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Global Players? Football, Migration and Globalization, c. 1930-2000

Matthew Taylor
Historical Social Research / Historische Sozialforschung
Vol. 31, No. 1 (115), Football History: International Perspectives / Fußball-Geschichte: Internationale Perspektiven (2006), pp. 7-30
Stable URL: http://www.jstor.org/stable/20762099
Page Count: 24
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Global Players? Football, Migration and Globalization, c. 1930-2000
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Abstract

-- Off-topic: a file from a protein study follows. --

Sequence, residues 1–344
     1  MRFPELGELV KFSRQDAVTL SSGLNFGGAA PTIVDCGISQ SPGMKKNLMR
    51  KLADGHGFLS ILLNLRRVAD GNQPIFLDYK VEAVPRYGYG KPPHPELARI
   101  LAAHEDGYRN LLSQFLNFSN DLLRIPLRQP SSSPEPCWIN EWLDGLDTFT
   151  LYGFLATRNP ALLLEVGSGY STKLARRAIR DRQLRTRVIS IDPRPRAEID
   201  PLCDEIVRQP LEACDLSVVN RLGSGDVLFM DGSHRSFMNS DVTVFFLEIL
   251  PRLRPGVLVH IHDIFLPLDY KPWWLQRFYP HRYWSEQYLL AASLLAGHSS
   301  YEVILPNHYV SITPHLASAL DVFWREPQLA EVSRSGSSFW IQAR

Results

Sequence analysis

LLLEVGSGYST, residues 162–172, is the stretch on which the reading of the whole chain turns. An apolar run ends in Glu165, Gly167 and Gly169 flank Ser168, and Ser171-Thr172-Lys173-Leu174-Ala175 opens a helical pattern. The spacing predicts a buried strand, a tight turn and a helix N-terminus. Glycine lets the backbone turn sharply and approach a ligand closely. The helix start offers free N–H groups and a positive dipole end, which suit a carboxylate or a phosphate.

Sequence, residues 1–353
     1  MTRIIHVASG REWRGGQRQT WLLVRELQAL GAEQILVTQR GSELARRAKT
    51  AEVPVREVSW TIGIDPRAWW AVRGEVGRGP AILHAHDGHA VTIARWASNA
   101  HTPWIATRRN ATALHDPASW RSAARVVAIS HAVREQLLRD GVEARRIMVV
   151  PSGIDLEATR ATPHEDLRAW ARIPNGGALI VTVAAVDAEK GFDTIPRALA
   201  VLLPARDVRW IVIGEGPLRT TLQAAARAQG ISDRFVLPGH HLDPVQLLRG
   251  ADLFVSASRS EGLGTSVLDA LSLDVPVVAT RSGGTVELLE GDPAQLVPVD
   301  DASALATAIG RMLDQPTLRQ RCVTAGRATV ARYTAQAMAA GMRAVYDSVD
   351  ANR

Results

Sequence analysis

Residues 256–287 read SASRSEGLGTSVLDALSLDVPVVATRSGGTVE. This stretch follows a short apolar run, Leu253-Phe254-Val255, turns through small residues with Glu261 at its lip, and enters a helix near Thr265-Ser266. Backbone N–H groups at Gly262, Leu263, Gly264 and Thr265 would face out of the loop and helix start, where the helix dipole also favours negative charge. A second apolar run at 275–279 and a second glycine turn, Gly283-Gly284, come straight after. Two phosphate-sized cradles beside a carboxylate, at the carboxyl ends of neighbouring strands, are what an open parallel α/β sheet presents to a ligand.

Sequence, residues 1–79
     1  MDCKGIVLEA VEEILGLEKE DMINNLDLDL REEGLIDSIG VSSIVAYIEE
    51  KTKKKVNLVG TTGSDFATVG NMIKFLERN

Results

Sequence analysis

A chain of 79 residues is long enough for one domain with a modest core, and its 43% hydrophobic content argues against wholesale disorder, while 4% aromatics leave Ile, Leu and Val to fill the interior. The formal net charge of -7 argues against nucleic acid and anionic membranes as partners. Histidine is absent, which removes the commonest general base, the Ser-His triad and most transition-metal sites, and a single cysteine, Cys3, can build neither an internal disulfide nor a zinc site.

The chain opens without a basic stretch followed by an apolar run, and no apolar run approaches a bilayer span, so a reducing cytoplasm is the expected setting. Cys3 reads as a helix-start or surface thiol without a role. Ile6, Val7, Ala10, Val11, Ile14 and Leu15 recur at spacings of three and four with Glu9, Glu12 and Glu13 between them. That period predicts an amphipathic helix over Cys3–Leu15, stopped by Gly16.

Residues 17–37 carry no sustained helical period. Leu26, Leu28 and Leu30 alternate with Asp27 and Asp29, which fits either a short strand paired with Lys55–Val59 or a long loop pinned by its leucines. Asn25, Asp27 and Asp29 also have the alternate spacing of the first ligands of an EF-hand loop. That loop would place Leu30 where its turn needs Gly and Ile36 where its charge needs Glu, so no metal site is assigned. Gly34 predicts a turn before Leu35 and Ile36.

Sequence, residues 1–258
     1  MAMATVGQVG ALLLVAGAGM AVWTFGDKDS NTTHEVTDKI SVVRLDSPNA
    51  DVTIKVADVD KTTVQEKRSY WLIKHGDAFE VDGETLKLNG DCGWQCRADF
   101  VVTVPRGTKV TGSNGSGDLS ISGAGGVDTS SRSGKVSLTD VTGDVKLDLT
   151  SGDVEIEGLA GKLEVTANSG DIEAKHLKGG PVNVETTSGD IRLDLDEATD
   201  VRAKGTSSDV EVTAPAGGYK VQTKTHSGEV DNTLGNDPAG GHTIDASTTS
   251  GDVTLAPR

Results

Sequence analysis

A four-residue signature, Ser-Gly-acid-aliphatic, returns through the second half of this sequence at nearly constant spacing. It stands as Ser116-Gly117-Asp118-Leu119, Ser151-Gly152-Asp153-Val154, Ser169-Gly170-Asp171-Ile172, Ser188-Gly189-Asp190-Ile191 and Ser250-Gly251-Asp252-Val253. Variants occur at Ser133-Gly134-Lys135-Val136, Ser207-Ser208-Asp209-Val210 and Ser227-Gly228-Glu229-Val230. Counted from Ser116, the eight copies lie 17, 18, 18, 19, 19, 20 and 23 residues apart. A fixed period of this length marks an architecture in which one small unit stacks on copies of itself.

The migration of professional footballers has become a popular subject of late. Not only has it formed the basis of a number of books and journal articles over the last ten years or so, it has also emerged as a key debating point for newspaper, radio and television journalists. Attitudes to the migration of footballers raise a number of issues relating to the political economy of top-level sport but also pose broader questions about national identity, citizenship, freedom of labour and the inclusion or exclusion of 'outsiders'. This paper summarizes some of the key writing on the subject, critically analyzing the way in which the concept of 'globalization', in particular, has been employed. It also adds a historical perspective to our understanding of the phenomenon of football player migration. At the heart of the argument are two basic contentions: first, that football migration is nothing new, but has a long and complicated history; and second, that it should not be isolated from general migratory trends and patterns. The movement of footballers from country to country and continent to continent is thus much more than the product of the current economic and power relations of world football. It reflects a complex set of linkages between specific countries, or sets of countries — linkages that often have deep social, cultural and historical roots.

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